International investment bankers are looking at the Hong Kong and PRC economic developments and buying into them rather than paying attention to Western media. We explain the fundamentals of the banks’ bullishness about Hong Kong and China.
The Chairman of the Swiss-based UBS Investment Bank, Colm Kelleher, the world’s largest fund manager, has stated that “global bankers are all very pro-China” at the Global Financial Leaders Investment Summit currently being held in Hong Kong. “We’re not reading the American press, we are buying the China story,” said Kelleher.
Hong Kong’s Chief Executive John Lee welcomed some of Wall Street’s top executives to its biggest international event in years. Speaking at the widely anticipated investment summit, which included more than 200 bankers and investment leaders from 20 countries, Lee said that Hong Kong was “opening once again” for international business after more than two and a half years of Covid restrictions.
Attendees included senior executives such as Goldman Sachs CEO David Solomon, Morgan Stanley CEO James Gorman, UBS chairman Colm Kelleher and HSBC CEO Noel Quinn. Lee firmly stated his intention to keep Hong Kong competitive for global financiers.
China Securities Regulatory Commission (CSRC) Vice Chairman Fang Xinghai said that Hong Kong was a “very, very important” financial centre for China. China’s authorities, he said, were keen for more international companies to list in Hong Kong to grow the city’s capital market activities.
Fang also told attendees: “I would advise international investors to find out what’s really going on in China and what’s the real intention of our government by themselves. Don’t read too much of the international media. Don’t bet against China and Hong Kong.”
Underlying positive fundamentals
There are strong underlying reasons for the optimism among the global banking community. As concerns Hong Kong itself, there are the numerous ‘Hong Kong Connect’ schemes that have been put in place but delayed due to Covid. These permit international finance and insurance companies to establish operations in the city and obtain licences to access mainland China’s estimated US$3 trillion in privately held wealth. Doing so will re-establish Hong Kong as a private wealth investment hub. Although the launch of the various schemes has been delayed due to Covid, the gradual reopening of Hong Kong and mainland China during the course of 2023 will see Hong Kong attract exactly the types of investors that have been attending the summit.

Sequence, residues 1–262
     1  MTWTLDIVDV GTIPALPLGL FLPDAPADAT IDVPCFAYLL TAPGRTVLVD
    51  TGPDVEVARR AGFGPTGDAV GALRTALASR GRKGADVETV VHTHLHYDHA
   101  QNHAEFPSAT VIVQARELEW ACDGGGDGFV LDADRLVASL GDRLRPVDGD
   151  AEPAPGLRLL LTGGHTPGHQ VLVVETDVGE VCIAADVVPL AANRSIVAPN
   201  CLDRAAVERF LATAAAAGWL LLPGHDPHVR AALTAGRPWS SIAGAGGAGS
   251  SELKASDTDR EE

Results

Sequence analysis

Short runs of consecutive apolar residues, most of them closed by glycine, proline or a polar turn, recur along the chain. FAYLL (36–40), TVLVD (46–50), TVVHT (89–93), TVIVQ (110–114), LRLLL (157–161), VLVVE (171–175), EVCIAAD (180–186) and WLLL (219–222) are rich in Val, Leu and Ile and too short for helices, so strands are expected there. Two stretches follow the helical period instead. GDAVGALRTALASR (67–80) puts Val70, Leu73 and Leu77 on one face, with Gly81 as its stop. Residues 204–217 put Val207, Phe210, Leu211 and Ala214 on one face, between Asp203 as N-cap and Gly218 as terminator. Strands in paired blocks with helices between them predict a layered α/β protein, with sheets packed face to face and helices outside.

The second aspect is the on-going development of mainland China as outlined by President Xi Jinping at the recent CPC Congress in Beijing. At this, Xi stated that from now until 2035, the middle-class population of China would grow by another 400 million. To put that into context, that is more than the total population of the United States. As we explained here in terms of measuring the impact of this growth, according to statements made by China National Bureau of Statistics Commissioner Ning Jizhe in January 2022, China currently has more than 400 million middle-income earners, or 140 million families, as part of its 1.4 billion population. These existing middle-income earners are already a group larger than the total population of the United States, and are seen as key for the world’s second largest economy to resort to the domestic market for future growth.
China doesn’t provide an official definition of its middle-income group, as income levels vary considerably across the country. However, according to Ning, a typical Chinese family of three earns between 100,000 and 500,000 Yuan per annum – in US dollar terms between US$14,000-70,000 a year. That is expected to grow. Research conducted by the CPPCC – Beijing’s top political advisory body – earlier this year indicated that another 300 to 400 million people from China’s population have the potential to join this middle-income group and are based primarily in the private sector.
That is being achieved by a number of state policies, not least the ‘dual circulation’ strategy which dictates that the mainland China economy is to be based on increasing China’s exports, while at the same time boosting Chinese consumption. The latter is of the greater importance to international businesses, as this means that China is becoming even more open to importing foreign goods. An indicator of this is that this Monday (October 31) Beijing released new guidelines for its ‘encouraged industries’ catalogue, set to take effect from 1st January 2023 and the most liberal in terms of permitting foreign investment in China’s various industrial and commercial sectors than ever before. That means international investors and exporters have an even greater incentive to sell to China.
The global investment banking industry appears poised to support their domestic businesses to lend for these China – and Hong Kong – opportunities.
Source: China Briefing